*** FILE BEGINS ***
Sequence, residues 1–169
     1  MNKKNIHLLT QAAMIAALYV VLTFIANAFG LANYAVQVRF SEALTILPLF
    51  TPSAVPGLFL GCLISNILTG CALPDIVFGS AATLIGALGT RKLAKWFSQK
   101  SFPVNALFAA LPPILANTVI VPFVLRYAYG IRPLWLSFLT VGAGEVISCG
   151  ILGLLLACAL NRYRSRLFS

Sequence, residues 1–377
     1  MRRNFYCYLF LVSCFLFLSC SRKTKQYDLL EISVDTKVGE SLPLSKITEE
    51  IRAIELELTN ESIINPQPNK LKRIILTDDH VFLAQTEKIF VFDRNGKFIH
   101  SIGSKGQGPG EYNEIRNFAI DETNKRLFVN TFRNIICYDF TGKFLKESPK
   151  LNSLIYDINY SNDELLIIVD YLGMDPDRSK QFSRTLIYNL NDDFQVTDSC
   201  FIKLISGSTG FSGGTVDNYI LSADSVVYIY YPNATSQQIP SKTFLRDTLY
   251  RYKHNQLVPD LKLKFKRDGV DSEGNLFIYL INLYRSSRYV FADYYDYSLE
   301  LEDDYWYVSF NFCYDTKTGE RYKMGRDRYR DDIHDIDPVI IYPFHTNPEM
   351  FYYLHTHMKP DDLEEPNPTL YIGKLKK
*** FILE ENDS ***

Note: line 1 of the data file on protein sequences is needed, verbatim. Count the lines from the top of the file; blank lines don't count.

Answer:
Sequence, residues 1–169